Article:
These projects vary from full-length dramas of approx. 1hr duration to shorter pop-up dramas created for a specific event. Each involves Kabosh collaborating with a community-based umbrella organisation; previous partners include Diversity Challenges, the Trauma Recovery Network, Relatives for Justice and Healing Through Remembering. Projects are informed by stories gathered from members of the community to assist us deal with the legacy of conflict. Most performances are followed by a facilitated discussion to discuss production themes. Project examples include:
Green & Blue
Based on testimonies from Royal Ulster Constabulary and Garda Síochána officers who served on the Irish border during the height of the conflict. The play, by Laurence McKeown, was developed over a 2-year period with regular facilitated readings for a committee of former police. It explores policing, collusion, isolation and revenge.
Those You Pass on the Street
Commissioned by Healing Through Remembering to assist different communities examine the difficult subject of reconciliation, Laurence McKeown’s play asks whether individuals have the right to move on from conflict when their peers and community are not yet ready. It explores the volatile issue of forgiveness, forgetting and forfeiting family ties.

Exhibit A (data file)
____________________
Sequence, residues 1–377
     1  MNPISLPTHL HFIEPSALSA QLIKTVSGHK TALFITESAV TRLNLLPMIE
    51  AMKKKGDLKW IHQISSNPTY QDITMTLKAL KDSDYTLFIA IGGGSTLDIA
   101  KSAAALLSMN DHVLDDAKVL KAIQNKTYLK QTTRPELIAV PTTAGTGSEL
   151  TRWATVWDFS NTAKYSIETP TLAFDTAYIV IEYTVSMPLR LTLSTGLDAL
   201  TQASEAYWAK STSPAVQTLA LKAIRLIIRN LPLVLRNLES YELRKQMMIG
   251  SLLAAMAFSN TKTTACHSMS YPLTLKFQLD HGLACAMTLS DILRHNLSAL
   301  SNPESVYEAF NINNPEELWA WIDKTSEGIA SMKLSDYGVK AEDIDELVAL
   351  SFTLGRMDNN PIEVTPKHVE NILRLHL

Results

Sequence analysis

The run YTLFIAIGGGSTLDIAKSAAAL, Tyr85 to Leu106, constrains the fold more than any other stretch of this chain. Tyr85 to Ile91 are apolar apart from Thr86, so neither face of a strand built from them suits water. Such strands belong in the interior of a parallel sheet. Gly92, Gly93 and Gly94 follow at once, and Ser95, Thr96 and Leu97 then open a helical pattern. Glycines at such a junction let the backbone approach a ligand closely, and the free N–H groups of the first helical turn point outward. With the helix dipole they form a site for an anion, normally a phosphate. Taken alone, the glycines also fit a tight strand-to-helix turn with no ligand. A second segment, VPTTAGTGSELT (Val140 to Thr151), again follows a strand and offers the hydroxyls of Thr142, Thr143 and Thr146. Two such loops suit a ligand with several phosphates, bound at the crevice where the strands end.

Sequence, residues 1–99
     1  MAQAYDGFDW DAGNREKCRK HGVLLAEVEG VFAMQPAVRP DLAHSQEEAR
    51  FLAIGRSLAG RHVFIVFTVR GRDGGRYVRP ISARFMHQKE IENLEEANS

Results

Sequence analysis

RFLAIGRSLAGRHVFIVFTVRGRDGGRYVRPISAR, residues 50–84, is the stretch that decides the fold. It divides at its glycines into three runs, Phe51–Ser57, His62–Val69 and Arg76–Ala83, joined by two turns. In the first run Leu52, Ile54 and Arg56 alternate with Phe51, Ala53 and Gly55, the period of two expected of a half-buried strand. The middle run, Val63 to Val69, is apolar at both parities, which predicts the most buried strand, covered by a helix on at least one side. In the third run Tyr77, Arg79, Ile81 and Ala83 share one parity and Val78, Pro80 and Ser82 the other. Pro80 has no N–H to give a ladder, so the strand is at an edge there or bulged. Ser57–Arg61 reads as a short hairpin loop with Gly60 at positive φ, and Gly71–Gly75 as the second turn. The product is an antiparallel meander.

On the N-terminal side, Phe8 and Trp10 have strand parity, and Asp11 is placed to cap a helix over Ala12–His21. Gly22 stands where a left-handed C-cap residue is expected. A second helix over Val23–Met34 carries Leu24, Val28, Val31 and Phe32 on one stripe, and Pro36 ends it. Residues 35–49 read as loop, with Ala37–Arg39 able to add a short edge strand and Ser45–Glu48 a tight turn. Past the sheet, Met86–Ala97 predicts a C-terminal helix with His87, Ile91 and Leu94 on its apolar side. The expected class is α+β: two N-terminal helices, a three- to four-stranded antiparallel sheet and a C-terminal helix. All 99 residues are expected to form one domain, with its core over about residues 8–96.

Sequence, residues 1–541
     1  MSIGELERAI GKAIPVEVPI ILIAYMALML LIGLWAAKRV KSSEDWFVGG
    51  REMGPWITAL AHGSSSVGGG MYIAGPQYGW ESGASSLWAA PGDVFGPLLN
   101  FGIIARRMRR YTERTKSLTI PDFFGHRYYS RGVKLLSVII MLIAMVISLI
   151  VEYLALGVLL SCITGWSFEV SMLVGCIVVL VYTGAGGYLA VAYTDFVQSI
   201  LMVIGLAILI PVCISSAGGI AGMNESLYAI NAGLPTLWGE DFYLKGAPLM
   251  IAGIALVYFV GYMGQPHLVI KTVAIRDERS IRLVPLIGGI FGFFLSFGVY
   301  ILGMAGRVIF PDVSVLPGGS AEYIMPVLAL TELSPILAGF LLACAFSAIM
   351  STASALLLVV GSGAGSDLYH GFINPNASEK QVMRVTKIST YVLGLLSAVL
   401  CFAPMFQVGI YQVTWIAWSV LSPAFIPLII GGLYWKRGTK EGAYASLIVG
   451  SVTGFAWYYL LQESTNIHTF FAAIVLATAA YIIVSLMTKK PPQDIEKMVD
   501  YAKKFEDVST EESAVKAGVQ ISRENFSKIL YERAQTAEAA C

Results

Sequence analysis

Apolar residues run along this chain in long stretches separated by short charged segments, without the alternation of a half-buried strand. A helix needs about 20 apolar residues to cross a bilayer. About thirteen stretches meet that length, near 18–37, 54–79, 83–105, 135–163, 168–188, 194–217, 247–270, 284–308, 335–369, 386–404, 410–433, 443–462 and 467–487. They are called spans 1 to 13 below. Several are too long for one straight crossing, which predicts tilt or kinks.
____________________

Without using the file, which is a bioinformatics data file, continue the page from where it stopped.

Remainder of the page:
To mark the 20th anniversary of the 1994 IRA ceasefire, Conor Mitchell scored a responsive composition performed by 20 classical musicians at the gates of city hall. The score became the centrepiece of an installation by Lesley Cherry in the viewing gallery of Victoria Square supported by a dedicated website on which the public could leave personal reflections.
A short drama by Nicola McCartney that featured as part of the multi-artist 1 in 5 promenade project in the former Limavady workhouse. A young woman commits an act of anti-social behaviour; to keep her out of prison she is forced to undertake a face-to-face meeting with the older female victim. It asks if transitional justice initiatives work and challenges an audience to consider where ‘blame’ should be apportioned.
Third person in our marriage
Commissioned by Relatives for Justice to mark the release of the Eames/Bradley Report, this short drama examines the sensitive subject of victimhood. A husband and wife are having a seemingly domestic conversation but there is a third person in the room: the voice of the husband’s internal thoughts. This voice proclaims how difficult it is to have a successful, healthy marriage when the presence of a dead, loved one is forever there. It asks if there is a timeline to victimhood.